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Asus ROG Strix 750W Power Supply Review

The strongest assets of the Asus ROG Strix 750W are the high performance and the silent operation, along with the good build quality.

Asus ROG Strix 750W
(Image: © Asus)

The Asus ROG Strix 750 might be based on the new Seasonic Focus Plus Gold platform, but it has several significant differences, with the most notable being the larger heat sinks, which allow for a much more relaxed fan speed profile, and the double ball-bearing fan, which has increased tolerance for high operating temperatures. Indeed, the massive heat sinks, along with the larger PCB required to host them, make a difference, and the ROG Strix 750 is among the most silent power supplies in this wattage category. Nevertheless, it cannot claim the title from the Corsair RM750x, which scores a notably lower overall noise output level, achieving a LAMBDA-A+ rating in the Cybenetics scale

(Image credit: Tom's Hardware)

The major disadvantage of the ROG Strix 750 is the stiff price. It costs notably more than the competing units, including the Corsair RM750x, which achieves higher overall performance and features and even quieter operation, the Seasonic Focus GX-750, and the Fractal Design ION+ 760P

If you don't mind paying more to get this power supply, you will be left highly satisfied by its performance and the silent operation. Moreover, it is the only PSU in this category offering a double ball-bearing fan, which is suitable for operation under harsh conditions (i.e., higher than 40 degrees Celsius operating temperatures). 

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Disclaimer: Aris Mpitziopoulos is Tom's Hardware's PSU reviewer. He is also the Chief Testing Engineer of Cybenetics and developed the Cybenetics certification methodologies apart from his role on Tom's Hardware. Neither Tom's Hardware nor its parent company, Future PLC, are financially involved with Cybenetics. Aris does not perform the actual certifications for Cybenetics.

  • octavecode
    I was about to say "looks a lot like a Seasonic unit" then i checked the manufacturer. :P
    Best PSU reviewer , greetings from Greece.
    Stay strong and healthy everybody.
    Reply
  • Aris_Mp
    octavecode said:
    I was about to say "looks a lot like a Seasonic unit" then i checked the manufacturer. :p
    Best PSU reviewer , greetings from Greece.
    Stay strong and healthy everybody.

    Thank you for your kind words!
    Reply
  • karthyks
    Not sure if I got a faulty unit. I built a PC with Ryzen 3900x and Gigabyte Rtx 2080 Super along with this PSU. And it failed me after 3 days. My PC shuts down whenever I login to windows and randomly when I open a exe file. After swapping new motherboard, new Ram, new graphics card, i found the problem is with PSU. And I use thermaltake 850W 80+ and now everything is good so far.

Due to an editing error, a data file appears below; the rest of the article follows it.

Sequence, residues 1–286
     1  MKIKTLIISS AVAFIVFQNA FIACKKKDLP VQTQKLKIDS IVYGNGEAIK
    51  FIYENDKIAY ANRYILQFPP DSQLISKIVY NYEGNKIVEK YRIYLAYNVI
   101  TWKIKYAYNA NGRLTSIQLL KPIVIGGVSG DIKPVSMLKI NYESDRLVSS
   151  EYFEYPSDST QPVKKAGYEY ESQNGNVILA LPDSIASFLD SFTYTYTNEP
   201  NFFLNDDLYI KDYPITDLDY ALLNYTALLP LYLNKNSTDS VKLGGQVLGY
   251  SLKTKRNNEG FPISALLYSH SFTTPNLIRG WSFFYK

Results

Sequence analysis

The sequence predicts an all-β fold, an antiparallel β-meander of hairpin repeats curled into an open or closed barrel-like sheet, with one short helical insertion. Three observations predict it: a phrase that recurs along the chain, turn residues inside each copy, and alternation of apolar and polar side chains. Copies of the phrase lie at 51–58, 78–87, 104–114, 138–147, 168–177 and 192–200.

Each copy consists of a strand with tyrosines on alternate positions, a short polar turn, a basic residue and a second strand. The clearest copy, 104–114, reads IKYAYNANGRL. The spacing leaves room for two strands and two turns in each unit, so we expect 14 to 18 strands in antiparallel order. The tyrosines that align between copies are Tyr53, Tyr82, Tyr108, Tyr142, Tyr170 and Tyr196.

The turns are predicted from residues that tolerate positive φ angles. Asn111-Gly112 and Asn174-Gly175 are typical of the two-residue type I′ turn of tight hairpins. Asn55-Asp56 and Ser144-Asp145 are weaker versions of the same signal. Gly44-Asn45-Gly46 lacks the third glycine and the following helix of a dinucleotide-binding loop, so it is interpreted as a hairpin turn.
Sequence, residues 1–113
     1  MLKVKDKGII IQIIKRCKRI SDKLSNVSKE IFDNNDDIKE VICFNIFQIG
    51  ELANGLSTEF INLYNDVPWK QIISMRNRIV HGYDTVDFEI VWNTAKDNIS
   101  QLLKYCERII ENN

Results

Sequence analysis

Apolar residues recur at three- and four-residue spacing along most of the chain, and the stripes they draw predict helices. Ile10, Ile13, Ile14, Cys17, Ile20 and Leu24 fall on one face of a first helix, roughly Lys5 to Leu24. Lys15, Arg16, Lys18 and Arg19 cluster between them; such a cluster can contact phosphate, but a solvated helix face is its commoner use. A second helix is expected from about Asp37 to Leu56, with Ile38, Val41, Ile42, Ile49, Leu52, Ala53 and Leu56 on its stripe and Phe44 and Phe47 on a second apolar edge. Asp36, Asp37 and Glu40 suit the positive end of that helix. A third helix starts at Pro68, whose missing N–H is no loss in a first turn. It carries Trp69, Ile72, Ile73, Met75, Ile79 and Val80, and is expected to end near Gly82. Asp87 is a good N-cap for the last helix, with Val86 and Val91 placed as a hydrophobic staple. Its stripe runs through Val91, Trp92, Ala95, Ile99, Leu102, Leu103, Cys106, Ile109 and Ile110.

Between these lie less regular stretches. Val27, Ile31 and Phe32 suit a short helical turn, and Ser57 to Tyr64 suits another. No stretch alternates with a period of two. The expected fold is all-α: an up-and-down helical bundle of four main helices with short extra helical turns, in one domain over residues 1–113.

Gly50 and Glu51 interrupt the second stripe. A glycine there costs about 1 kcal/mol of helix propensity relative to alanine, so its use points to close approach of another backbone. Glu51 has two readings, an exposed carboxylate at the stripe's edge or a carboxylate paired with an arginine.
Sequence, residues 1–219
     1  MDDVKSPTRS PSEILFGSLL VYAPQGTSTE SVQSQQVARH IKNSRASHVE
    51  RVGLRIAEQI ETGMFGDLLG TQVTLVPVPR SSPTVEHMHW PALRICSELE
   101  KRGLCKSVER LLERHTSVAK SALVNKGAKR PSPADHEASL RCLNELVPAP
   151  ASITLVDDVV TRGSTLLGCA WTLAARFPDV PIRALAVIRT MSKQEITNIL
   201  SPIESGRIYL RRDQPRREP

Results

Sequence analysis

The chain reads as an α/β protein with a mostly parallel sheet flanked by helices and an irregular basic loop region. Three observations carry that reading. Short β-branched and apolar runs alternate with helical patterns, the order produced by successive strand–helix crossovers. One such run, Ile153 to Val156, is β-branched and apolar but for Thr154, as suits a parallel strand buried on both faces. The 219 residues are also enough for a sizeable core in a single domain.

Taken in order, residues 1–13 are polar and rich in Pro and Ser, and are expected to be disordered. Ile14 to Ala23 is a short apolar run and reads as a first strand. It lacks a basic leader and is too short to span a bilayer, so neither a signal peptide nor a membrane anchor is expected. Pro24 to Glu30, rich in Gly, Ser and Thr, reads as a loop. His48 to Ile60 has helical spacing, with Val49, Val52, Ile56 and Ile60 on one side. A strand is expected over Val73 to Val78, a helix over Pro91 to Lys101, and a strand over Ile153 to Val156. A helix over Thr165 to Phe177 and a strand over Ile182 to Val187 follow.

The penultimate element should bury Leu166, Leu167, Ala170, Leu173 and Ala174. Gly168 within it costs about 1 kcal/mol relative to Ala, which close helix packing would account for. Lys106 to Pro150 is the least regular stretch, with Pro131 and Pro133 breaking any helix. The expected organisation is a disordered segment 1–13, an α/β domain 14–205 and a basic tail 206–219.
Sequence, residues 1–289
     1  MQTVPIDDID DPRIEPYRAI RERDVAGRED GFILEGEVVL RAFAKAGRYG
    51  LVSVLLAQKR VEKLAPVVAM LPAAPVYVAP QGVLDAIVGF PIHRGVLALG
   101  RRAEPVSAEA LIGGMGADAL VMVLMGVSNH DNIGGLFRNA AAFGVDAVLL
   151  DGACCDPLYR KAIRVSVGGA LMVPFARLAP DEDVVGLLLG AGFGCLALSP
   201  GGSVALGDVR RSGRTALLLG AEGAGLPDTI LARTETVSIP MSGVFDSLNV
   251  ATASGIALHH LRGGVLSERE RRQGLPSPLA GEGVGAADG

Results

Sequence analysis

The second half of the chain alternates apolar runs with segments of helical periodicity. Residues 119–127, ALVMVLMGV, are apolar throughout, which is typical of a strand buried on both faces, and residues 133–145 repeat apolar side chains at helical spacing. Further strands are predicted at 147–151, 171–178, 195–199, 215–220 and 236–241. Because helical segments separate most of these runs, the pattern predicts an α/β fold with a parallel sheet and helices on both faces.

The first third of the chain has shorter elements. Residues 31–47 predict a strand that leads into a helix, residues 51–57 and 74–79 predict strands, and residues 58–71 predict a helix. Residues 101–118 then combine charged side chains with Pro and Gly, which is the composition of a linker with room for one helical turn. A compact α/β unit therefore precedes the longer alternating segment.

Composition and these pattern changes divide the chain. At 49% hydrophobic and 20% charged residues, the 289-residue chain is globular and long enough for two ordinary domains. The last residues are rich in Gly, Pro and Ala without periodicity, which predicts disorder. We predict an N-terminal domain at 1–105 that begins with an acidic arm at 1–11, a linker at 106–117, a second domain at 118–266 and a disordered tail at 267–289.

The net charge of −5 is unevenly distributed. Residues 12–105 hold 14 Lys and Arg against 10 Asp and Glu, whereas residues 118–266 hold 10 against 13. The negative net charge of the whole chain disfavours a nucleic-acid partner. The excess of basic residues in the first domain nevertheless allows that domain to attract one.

Reply
  • SlavkoBilder
    karthyks said:
    Not sure if I got a faulty unit. I built a PC with Ryzen 3900x and Gigabyte Rtx 2080 Super along with this PSU. And it failed me after 3 days. My PC shuts down whenever I login to windows and randomly when I open a exe file. After swapping new motherboard, new Ram, new graphics card, i found the problem is with PSU. And I use thermaltake 850W 80+ and now everything is good so far.
    its not because of the psu, the psu is good, but it doesnt have enough volts to power that cpu and graphics, its like a mouse is pushing a steel cube, just doesnt work out.
    Reply
  • Schlachtwolf
    SlavkoBilder said:
    its not because of the psu, the psu is good, but it doesnt have enough volts to power that cpu and graphics, its like a mouse is pushing a steel cube, just doesnt work out.

    A 750w PSU is more than enough for a 3900x which itself will never really get over 150w, and an RTX 2080 super, but back to the theme I have the ROG Thor 850w and it is the best PSU I ever had in my 25 years having a PC. Asus is not cheap in any facet of hardware but the quality of their components is some of the best out there.
    Reply
  • PizzaChet
    Hi all! I just bought a bunch of ROG parts and got the THOR 850W PS. I've been seeing some similar builds out there and some say if you OC the CPU, it might get a little tight on wattage. Could you please share what you all think is a safe amount of overhead? I haven't decided on how far I want to go on overclocking yet. Here's the current list and estimated wattage...

    PC Parts Picker estimated the wattage of this build at 538W
    MSI GeForce RTX 3070 Ventus 2X OC Gaming Graphics Card, 8GB GDDR6, PCIe 4.0, Ray Tracing, VR Ready, 3X DisplayPort 1.4, 1x HDMI 2.1 8K, DirectX 12 Ultimate, TORX Fan 3.0 w/ Mytrix HDMI CableIntel Core i9-10900X Desktop Processor 10 Cores up to 4.7GHz Unlocked LGA2066 X299 Series 165W (BX8069510900X)

    SAMSUNG 970 EVO Plus SSD 2TB - M.2 NVMe Interface Internal Solid State Drive with V-NAND Technology (MZ-V7S2T0B/AM)

    ASUS ROG Thor 850 Certified 850W Fully-Modular RGB Power Supply with LiveDash OLED Panel

    Asus ROG Strix Helios GX601 RGB Mid-Tower Computer Case for up to EATX Motherboards with USB 3.1 Front Panel, Smoked Tempered Glass, Brushed Aluminum and Steel Construction, and Four Case Fans, Black

    ASUS ROG Strix LC 360 RGB All-in-one AIO Liquid CPU Cooler 360mm Radiator, Intel 115x/2066 and AMD AM4/TR4 Support, Triple 120mm 4-pin PWM Fans (Addressable RGB Fans)

    2x Corsair Vengeance RGB Pro 32GB (2x16GB) DDR4 3200 (PC4-25600) C16 Desktop Memory - Black (CMW32GX4M2C3200C16)

    ASUS ROG Strix X299-E Gaming II ATX Gaming Motherboard (Intel X299) LGA 2066, Wi-Fi 6 (802.11ax), 2.5 GBS LAN, 8X DIMM Max. 256GB, USB 3.2 Gen 2, 8X SATA, 3X M.2, OLED and Aura Sync RGB
    Reply
  • Schlachtwolf
    I have that PSU too, you will be fine with 850w. Normally you allow for 20% overhead, you still have plenty of room.....
    Reply